“He will come earlier to-morrow to make up for it”—she says, in a low voice, more to herself than to me—“yes”—(clasping her hands lightly in her lap, while the firelight plays upon the lovely mildness of her happy face, and repeating the words softly)—“yes, he will come earlier to-morrow!”
I cannot bear it. I rise up abruptly, trundling poor Vick, to whom this reverse is quite unexpected, down on the carpet, and rushing out of the room.
* * * * *
It is evening now—late evening, drawing toward bedtime. I am sitting with my back to the light, and have asked for a shade for the lamp, on the plea that the wind has cut my eyes—but, in spite of my precautions, I am well aware that the disfigurement of my face is still unmistakably evident to the most casual eye; and, from the anxious care with which Barbara looks away from me, when she addresses me, I can perceive that she has observed it, as, indeed, how could she fail to do? If Tou Tou were here, she would overwhelm me with officious questions—would stare me crazy, but Barbara averts her eyes, and asks nothing.
We have been sitting in perfect silence for a long while; no noise but the click of Barbara’s knitting-pins, the low flutter of the fire-flame, and the sort of suppressed choked inward bark, with which Vick attacks a phantom tomcat in her dreams.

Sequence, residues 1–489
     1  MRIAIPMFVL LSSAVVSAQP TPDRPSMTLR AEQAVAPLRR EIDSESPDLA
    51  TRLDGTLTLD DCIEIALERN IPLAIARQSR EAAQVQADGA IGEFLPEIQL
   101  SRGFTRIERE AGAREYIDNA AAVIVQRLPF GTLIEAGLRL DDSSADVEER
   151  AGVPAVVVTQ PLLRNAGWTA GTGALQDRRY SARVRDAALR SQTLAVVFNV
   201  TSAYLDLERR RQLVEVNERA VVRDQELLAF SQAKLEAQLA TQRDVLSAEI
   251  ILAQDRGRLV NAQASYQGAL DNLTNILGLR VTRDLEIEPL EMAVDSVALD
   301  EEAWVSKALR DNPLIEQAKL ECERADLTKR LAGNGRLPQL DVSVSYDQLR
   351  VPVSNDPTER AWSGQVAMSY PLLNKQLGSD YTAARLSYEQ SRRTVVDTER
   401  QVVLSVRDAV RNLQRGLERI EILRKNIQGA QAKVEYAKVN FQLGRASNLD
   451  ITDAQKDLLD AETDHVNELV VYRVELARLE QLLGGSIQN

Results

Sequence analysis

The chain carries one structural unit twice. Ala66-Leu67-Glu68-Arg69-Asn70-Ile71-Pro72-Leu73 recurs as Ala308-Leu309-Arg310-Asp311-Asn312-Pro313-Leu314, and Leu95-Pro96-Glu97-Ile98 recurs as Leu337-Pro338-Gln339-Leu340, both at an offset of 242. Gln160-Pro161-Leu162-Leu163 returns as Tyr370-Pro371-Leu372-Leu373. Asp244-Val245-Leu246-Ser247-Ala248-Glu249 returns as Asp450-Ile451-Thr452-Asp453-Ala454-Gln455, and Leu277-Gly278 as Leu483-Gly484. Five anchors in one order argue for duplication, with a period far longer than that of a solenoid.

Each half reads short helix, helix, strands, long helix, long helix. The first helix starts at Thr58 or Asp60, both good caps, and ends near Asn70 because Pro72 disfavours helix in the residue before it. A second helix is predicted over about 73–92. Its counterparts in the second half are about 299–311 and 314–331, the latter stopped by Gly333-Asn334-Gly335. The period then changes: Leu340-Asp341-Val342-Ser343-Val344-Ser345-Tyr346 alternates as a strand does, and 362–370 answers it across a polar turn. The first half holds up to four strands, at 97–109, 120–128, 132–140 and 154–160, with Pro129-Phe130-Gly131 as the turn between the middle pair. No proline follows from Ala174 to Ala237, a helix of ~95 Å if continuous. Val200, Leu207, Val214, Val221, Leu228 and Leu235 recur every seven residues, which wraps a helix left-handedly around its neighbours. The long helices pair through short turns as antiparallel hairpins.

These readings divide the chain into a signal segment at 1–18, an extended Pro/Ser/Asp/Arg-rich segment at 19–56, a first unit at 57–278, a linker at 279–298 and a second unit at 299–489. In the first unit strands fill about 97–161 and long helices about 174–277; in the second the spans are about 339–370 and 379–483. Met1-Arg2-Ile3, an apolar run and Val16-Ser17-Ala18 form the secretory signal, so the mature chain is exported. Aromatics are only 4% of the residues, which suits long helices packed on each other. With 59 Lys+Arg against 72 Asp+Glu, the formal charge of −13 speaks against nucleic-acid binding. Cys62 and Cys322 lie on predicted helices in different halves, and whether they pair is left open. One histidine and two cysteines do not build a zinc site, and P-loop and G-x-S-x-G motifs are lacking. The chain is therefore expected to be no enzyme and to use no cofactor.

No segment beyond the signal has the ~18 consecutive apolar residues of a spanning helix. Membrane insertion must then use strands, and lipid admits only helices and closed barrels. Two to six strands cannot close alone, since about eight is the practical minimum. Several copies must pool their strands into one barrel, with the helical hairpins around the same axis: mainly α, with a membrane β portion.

Suddenly I speak.
“Barbara!” say I, with a hard, forced laugh, “I am going to ask you a silly question: tell me, did you ever observe—has it ever struck you that there was something rather—rather offensive in my manner to men?”
Her knitting drops into her lap. Her blue eyes open wide, like dog-violets in the sun; she is obliged to look at me now.
“Offensive!” she echoes, with an accent of the most utter surprise and mystification. “Good Heavens, no! What has come to the child? Oh!”— (with a little look of dawning intelligence)—“I see! You mean, do not you smite them too much? Are not you sometimes a little too hard upon them?”
“No,” say I, gravely; “I did not mean that.”
She looks at me for explanation, but I can give none. More silence.
Vick is either in hot pursuit of, or hot flight from, the tomcat; all her four legs are quivering and kicking in a mimic gallop.
“Do you remember,” say I, again speaking, and again prefacing my words by an uneasy laugh, “how the boys at home used always to laugh at me, because I never knew how to flirt, nor had any pretty ways? Do you think”—(speaking slowly and hesitatingly)—“that boys—one’s brothers, I mean—would be good judges of that sort of thing?”
“As good as any one else’s brothers, I suppose,” she says, with a low laugh, but still looking puzzled; “but why do you ask?”
“I do not know,” reply I, trying to speak carelessly; “it came into my head.”